Thousands of Mexican teachers went on strike on Monday in the southern states of Michoacan, Guerrero, Oaxaca and Chiapas, staging marches, road blockades and taking over businesses and offices to demand that the government resume a dialogue with them concerning their demands.
The “active work stoppage” lasting 24 hours was called by the militant CNTE union.
The CNTE for more than two years has been staging mobilizations against the educational reform promulgated by President Enrique Peña Nieto in 2013.
In particular, the union rejects the obligatory evaluation of teachers without taking into account the particular characteristics of the country’s regions.
In Guerrero, besides suspending classes in practically all primary schools, the teachers blocked the highway connecting the Pacific coast resort of Acapulco with the Mexican capital for more than two hours.
In Chilpancingo, the state capital, another group of educators took over several bank branches and businesses as a means of exerting pressure on the federal government to resume the dialogue with the teachers, which was suspended in June.
Mobilizations also occurred in Acapulco.
In Oaxaca, where authorities said the work stoppage affected 65 percent of the schools, the teachers also blocked roads, including the access routes to the Oaxaca city airport and several stores belonging to transnational companies.
“In the face of the federal government’s dimwittedness, with the lack of political will, what we have to do is, via mobilization,” demand a public discussion about the problems in the sector, the CNTE leader in Oaxaca, Ruben Nuñez, said.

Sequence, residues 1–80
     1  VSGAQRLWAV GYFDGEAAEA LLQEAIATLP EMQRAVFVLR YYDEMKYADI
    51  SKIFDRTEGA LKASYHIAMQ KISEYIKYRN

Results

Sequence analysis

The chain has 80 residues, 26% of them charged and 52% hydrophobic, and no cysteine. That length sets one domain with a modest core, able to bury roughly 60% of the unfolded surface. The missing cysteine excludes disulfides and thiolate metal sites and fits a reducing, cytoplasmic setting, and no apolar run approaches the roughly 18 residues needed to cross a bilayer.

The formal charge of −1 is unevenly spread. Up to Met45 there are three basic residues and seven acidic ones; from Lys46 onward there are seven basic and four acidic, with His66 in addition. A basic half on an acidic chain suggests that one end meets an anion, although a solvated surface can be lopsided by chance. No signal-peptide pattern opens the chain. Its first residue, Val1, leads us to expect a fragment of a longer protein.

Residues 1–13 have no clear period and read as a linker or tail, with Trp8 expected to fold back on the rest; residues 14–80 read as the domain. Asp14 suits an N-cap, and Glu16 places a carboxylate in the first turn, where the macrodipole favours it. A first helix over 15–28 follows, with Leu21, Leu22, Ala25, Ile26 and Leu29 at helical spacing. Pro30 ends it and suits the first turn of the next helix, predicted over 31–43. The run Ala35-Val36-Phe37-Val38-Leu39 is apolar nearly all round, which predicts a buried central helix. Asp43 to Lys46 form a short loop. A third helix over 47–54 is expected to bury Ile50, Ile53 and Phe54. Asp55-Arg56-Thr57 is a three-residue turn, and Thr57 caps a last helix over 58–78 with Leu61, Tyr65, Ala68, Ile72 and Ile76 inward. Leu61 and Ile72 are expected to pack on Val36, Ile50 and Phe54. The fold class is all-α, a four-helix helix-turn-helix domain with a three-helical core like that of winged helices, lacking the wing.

“We will be taking over the northern and southern borders, the highways, the transnational firms” to pressure the government with an eye toward getting authorities to sit back down and negotiate, Nuñez said, emphasizing however the importance of not causing violent provocations.
The federal government has said that it will not back down from the educational reform.
In Michoacan, 80 percent of the elementary schools remained closed on Monday, a situation that affected up to 1 million students.
The teachers took over several highway tollbooths, as well as the central offices of the Education Secretariat in the state, and they threatened to halt activities at the port of Lazaro Cardenas, Mexico’s main port on the Pacific.
In Chiapas, thousands of teachers paralyzed several border crossing points with Guatemala to demand “the overturning of the educational reform.”
For Monday afternoon, the CNTE had scheduled a march in the Mexican capital.